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Q: Cold War ( Answered,   0 Comments )
Subject: Cold War
Category: Reference, Education and News > Homework Help
Asked by: doncas1984-ga
List Price: $40.00
Posted: 07 Nov 2005 08:16 PST
Expires: 07 Dec 2005 08:16 PST
Question ID: 590117
How did the cold war change the business of diplomacy?
Subject: Re: Cold War
Answered By: wonko-ga on 07 Nov 2005 10:52 PST
Diplomacy was transformed because of a need to deemphasize direct
warfare as a tool for achieving political goals.  Once both the Soviet
Union and the United States possessed atomic weapons, means other than
large-scale warfare were needed because of the threat of "mutually
assured destruction."  Acquiring allies, economic development, spying,
and even cultural exchanges played an important role in Cold War

In order to counter one another, both the Soviet Union and the United
States sought to acquire as many allies as possible.  The United
States formed to the North Atlantic Treaty Organization with Western
European nations, while the Soviets countered with the establishment
of the Warsaw Pact.  While these alliances did not lead to direct
conflict, relationships with other nations did.  For example, war
broke out on the Korean peninsula between Soviet-sponsored North
Korean troops and United Nations soldiers primarily comprised of
Americans.  China's involvement resulted in a stalemate, resulting in
a peace settlement after two years of military and diplomatic
deadlock.  The fear of the outbreak of a third world war resulted in
the partition of Korea into North Korea and South Korea.

Economic development played an important role as the United States
sought to strengthen Western Europe to make it less vulnerable to
communism.  The Marshall and Truman plans provided considerable
economic and military aid while simultaneously stating the United
States' objective of preventing countries from succumbing to communist
takeovers.  Stalin also engaged in considerable effort to strengthen
the Soviet economy, first by holding on to Eastern European countries
to bolster Russia's industrial base, and then devoting most production
capacity to heavy equipment and armaments.

Intelligence agencies and spying played an important role for both
countries as they sought to determine each other's intentions. 
Photographs of Soviet missile bases on Cuba precipitated the Cuban
missile crisis, for example.  Both countries maintained substantial
intelligence operations in the other.  Early in the Cold War, Russia
acquired American nuclear secrets through the Los Alamos spy Klaus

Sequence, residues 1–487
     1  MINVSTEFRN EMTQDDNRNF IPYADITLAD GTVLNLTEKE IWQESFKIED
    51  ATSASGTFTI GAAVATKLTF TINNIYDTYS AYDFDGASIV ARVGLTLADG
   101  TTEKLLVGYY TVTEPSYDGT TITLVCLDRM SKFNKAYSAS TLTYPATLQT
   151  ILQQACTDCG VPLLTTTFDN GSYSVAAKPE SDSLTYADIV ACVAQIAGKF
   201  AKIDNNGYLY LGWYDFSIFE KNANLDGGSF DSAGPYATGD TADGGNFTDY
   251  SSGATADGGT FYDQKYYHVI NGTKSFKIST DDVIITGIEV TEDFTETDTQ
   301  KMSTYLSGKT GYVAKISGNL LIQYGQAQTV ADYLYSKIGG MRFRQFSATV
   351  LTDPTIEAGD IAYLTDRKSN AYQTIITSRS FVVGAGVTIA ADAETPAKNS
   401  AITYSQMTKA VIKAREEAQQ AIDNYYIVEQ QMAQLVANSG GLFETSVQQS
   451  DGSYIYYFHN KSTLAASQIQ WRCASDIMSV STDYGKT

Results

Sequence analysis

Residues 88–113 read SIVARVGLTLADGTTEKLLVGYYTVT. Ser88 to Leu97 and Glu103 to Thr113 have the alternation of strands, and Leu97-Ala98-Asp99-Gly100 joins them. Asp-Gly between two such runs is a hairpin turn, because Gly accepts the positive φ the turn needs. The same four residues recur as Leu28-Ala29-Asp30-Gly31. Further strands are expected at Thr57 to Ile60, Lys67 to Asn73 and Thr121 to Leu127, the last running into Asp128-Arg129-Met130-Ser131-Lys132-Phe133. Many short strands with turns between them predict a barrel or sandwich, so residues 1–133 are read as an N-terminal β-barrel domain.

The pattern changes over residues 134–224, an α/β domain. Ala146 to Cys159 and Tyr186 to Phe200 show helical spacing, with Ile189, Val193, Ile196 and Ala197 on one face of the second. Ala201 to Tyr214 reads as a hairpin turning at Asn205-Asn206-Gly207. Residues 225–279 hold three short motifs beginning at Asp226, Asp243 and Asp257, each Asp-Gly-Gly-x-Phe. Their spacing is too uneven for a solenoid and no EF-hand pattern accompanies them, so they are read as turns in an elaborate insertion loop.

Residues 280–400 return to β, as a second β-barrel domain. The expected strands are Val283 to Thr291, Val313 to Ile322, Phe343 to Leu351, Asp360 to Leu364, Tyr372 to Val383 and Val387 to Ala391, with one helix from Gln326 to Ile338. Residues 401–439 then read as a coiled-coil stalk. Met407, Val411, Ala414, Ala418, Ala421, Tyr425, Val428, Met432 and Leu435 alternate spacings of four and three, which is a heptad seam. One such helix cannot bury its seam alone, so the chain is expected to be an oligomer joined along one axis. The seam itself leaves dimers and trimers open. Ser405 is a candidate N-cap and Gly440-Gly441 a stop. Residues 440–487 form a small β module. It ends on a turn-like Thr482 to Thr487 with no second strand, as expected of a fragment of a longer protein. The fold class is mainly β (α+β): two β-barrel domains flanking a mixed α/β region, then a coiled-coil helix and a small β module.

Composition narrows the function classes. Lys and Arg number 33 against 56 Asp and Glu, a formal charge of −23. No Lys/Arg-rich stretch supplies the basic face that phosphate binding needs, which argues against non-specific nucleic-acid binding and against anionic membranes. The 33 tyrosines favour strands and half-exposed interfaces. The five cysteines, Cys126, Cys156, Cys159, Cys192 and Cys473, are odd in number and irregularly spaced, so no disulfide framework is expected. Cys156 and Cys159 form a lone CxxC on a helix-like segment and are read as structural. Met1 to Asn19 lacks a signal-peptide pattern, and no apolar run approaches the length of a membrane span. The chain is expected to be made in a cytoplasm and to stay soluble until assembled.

Cultural diplomacy expanded enormously with the establishment of the
Voice of America and the U. S. Information Agency.  The goal of these
operations was to provide citizens of communist nations with news and
positive information about the United States.  These eventually
expanded to include student exchanges, performing artists, and
traveling art exhibitions.

Far more independent countries arose as colonies struggled to gain
independence.  Diplomacy played an important role in managing the
great powers' reaction to decolonization to avoid direct conflict,
although hot wars by proxy broke out in Africa and Southeast Asia.

Another aspect of diplomacy also changed: avoiding nuclear war became
an imperative.  Because the outbreak of nuclear war would be so
devastating, diplomacy took on greater importance.  The establishment
of the hot line between the United States and the Soviet Union as a
result of a near catastrophe during the Cuban missile crisis is one
tangible example of this.  Nonproliferation and disarmament issues
became increasingly important, particularly once the relationship
between the Soviet Union and the United States became less tense.  The
United States, in particular, has long been concerned with preventing
other nations from acquiring nuclear weapons.

Finally, the establishment of the United Nations provided countries
with a new forum for discourse.  Although considerable disagreement
prevailed, the opportunity for engagement helped to ease tensions. 
Negotiations to obtain United Nations approval for international
actions, such as the Korean War, gave diplomacy added importance.




"Cold War Strategy Aiming for the Break down of Kim Jong Il Regime" by
Hwang Jang Yop, Zeroboard (2005)

"Cold War" Lexico Publishing Group, LLC (2005)

"Truman Doctrine"

"Cold War"

"The United States and the Cold War 1941-53" by Richard Crockatt,
British Association for American Studies (1989)

"Public Diplomacy during the Cold War: The Record and Its
Implications" by J. Critchlow, Journal of Cold War Studies (January 1,

"Public Diplomacy" Council on Foreign Relations (2004)

"The birth of the hot line" by Bruce Kennedy,


Search terms: "Cold War" diplomacy
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